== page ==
ADB announces $1.8 mil. grant for Cambodian farmers.
The Asian Development Bank (ADB) said Tuesday it has agreed to provide $1.8 million drawn from a Japanese government fund to finance income-generating activities for impoverished farmers in southern Cambodia, especially women.
The fund will be drawn from its Japan Fund for Poverty Reduction (JFPR) and implemented by Centre d'Etude et de Developpement Agricole Cambodgien (CEDAC), a local nongovernmental organization.
''The project aims to reduce rural poverty by providing farmers with access to agricultural services and resources through nongovernment organizations,'' the Manila-based bank said in a statement.
Cambodia, with a population of 12 million, is one of the region's lowest-income countries with an estimated per capita gross domestic product of $259. Of the 36% of the population living below the poverty line, nine out of 10, or 3.6 million, live in the countryside.
The bank said the project is expected to improve access to income-generating opportunities through small-scale village infrastructure sub-projects such as community ponds and tree plantations.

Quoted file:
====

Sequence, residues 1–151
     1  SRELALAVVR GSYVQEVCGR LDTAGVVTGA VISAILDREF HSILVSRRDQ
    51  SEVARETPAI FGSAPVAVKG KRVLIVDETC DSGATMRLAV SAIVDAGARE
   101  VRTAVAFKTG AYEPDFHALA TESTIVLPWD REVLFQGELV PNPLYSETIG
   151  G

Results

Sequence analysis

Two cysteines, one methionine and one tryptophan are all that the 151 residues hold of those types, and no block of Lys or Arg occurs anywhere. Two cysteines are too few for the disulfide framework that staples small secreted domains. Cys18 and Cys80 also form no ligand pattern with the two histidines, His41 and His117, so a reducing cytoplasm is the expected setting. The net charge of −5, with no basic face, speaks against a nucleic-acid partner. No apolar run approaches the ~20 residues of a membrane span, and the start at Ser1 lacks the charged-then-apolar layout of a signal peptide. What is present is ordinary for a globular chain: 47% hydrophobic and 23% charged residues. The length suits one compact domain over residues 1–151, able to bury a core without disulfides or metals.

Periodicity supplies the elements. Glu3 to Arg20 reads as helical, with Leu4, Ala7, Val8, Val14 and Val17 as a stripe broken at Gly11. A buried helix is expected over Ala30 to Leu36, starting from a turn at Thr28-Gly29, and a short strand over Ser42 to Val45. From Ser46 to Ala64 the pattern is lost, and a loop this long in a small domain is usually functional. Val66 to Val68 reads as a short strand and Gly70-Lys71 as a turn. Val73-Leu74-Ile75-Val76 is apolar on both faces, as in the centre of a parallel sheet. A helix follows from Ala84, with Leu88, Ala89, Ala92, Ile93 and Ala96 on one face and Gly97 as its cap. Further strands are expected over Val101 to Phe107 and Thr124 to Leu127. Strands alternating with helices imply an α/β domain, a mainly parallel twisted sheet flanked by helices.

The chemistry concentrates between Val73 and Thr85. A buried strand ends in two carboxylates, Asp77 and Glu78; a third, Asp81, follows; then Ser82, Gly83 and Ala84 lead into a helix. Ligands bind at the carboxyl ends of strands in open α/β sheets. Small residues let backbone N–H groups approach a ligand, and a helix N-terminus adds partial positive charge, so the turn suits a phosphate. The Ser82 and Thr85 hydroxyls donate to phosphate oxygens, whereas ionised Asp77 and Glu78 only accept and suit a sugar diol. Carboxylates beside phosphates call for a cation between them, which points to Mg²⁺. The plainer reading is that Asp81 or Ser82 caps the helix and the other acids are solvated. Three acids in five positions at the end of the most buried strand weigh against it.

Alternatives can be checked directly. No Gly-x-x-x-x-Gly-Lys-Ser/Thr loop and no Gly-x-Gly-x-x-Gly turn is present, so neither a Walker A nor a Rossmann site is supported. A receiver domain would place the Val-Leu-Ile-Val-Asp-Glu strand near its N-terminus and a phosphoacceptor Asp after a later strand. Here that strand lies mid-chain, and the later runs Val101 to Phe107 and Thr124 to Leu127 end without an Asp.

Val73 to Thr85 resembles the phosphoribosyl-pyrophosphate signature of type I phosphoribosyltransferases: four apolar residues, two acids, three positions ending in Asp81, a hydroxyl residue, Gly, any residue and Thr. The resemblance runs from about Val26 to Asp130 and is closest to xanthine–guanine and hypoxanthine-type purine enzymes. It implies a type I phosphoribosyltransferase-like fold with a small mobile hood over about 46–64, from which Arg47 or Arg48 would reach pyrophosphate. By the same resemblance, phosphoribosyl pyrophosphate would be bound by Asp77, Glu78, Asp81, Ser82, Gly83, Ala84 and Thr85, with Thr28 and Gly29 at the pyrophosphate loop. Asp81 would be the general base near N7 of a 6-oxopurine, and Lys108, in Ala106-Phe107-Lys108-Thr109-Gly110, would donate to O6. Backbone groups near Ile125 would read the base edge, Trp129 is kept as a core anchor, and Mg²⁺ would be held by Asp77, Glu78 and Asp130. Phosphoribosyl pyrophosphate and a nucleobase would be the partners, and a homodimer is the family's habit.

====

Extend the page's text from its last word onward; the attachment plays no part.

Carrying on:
''The project will strengthen the ability of farmers to apply agricultural technologies through meetings to introduce new ideas and skills training and self-help programs,'' it said.
The JFPR was set up in 2000 with a contribution of 10 billion yen (about $90 million), followed by additional contributions of $155 million and a commitment of $50 million. The fund supports projects that target poor people and prioritizes innovative approaches.
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|Publication:||Asian Economic News|
|Date:||Nov 18, 2002|
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